PCI SSC is in the process of finalizing new PCI Security Standards for the secure design and development of modern payment software. Speaking at the PCI Europe Community Meeting, Chief Technology Officer Troy Leach shares an update on this effort and why it’s important to the future of payment security.
When does PCI SSC expect to publish the new PCI Software Security Standards?
Troy Leach: We are on track to publish both the Secure Software Standard and the Secure Software Life Cycle (Secure SLC) Standard by the end of 2018. After completing a final request for comments (RFC) period in September, we are reviewing the 200+ comments received and updating the standards to address this feedback. These standards are part of the PCI Software Security Framework, which includes a validation program for software products and a qualification program for software vendors, to be available in 2019.
Will these standards replace the PCI Payment Application Data Security Standard (PA-DSS)?
Troy Leach: Ultimately, the PA-DSS and its validation program will be incorporated into the Software Security Framework. But for the time being, PA-DSS and its supporting program will remain in place.
Stakeholders can be assured that existing validation expiration dates for PA-DSS-validated applications will be honored (e.g. PA- DSS version 3.2 validations expire in 2022). More information on this will be made available when the PCI Software Security Framework validation and qualification programs are released in 2019.
When published later this year, the PCI Software Security Standards will include elements of PA-DSS in a new approach for securely designing and developing both existing and future payment applications. Whereas PA-DSS was designed specifically for payment applications used in a PCI DSS environment, the PCI Software Security Standards expand beyond this to address overall software security resiliency. The framework provides a new methodology and approach to testing software security and a separate secure software life cycle qualification for vendors with robust security design and development practices.
How will the PCI Software Security Framework benefit the industry?
Troy Leach: The framework provides developers of payment applications better support for modern software development techniques, while ensuring greater transparency into the security capabilities of payment software and payment software vendors. In turn, this should provide the overall payment industry with more consistency in how software can be assessed for security and result in a broader range of secure payment solutions.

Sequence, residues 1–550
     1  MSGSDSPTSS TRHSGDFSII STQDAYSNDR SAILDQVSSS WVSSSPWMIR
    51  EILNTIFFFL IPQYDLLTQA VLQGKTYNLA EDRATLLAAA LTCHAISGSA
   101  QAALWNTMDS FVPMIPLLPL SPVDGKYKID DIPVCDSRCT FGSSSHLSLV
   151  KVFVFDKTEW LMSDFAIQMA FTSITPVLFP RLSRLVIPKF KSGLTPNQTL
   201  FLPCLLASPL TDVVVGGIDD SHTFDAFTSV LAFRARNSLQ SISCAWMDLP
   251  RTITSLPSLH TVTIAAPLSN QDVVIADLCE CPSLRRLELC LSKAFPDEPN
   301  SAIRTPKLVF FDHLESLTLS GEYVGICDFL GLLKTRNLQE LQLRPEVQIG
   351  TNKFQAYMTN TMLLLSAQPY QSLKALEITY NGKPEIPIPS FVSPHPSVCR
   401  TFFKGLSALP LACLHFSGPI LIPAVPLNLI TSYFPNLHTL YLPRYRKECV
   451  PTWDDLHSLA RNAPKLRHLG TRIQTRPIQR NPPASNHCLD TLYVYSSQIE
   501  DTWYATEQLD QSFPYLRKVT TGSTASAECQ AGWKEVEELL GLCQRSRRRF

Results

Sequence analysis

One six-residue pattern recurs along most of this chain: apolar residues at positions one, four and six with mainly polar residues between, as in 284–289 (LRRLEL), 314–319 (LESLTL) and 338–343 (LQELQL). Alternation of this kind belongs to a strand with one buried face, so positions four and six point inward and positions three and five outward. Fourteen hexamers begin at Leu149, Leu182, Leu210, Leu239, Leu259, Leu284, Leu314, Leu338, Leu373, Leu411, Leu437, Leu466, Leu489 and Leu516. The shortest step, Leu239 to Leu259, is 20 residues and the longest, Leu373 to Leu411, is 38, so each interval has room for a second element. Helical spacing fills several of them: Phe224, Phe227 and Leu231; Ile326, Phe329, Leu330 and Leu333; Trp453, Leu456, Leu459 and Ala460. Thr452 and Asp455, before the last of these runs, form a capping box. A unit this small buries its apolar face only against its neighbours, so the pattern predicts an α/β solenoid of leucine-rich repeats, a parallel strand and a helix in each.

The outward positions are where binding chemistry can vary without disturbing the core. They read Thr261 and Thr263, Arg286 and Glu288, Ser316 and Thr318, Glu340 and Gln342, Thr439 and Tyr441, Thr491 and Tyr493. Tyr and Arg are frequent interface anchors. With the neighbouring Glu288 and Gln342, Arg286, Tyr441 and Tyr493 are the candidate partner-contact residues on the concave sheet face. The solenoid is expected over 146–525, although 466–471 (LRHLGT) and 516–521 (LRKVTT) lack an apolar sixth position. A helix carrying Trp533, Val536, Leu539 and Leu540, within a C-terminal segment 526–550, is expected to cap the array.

How have payment innovations influenced the development of the PCI Software Security Standards?
Troy Leach: Several factors have helped change our approach to security of software used for accepting payments. Most significant is that software developers are adopting more aggressive software life cycle management techniques with much faster to market releases. Another factor is the global prevalence of dynamic data associated with many types of transactions, especially card present, which helps to minimize using stolen payment data in other payment channels.
Additionally, modern-day monitoring and real-time analytics provide improved layers of security controls that are much more responsive than just a few years ago. That is, in part, due to the significant global growth in network speed and accessibility to protect all types of payment transactions remotely.
Even the software has become smarter at protecting itself against evolving threats. All of this collectively allows us to embrace faster development with more intelligent layers of defense.
Why are the PCI Software Security Standards important for the next generation of payments?
Troy Leach: Innovation in payments moves at an incredible pace. Every few years, it seems, there is a more popular software platform to design from, or entrepreneurs discovering new ways to accept payments. For example, 10 years ago, we were just becoming familiar with the term ‘smartphone’, let alone the idea that billions of dollars might someday be processed through this type of device.
Each significant breakthrough requires that generation of software developers to have guiding principles for how to test their software and protect users from being a victim of a data compromise. I’ve heard from several developers that our standards and best practices are the best starting point for understanding their role in protecting payments, even if the technology is not yet mainstream.
The PCI Software Security Standards provide increased flexibility and transparency for software vendors to achieve common sense software security objectives, while also supporting a more agile approach to software development techniques and release cycles.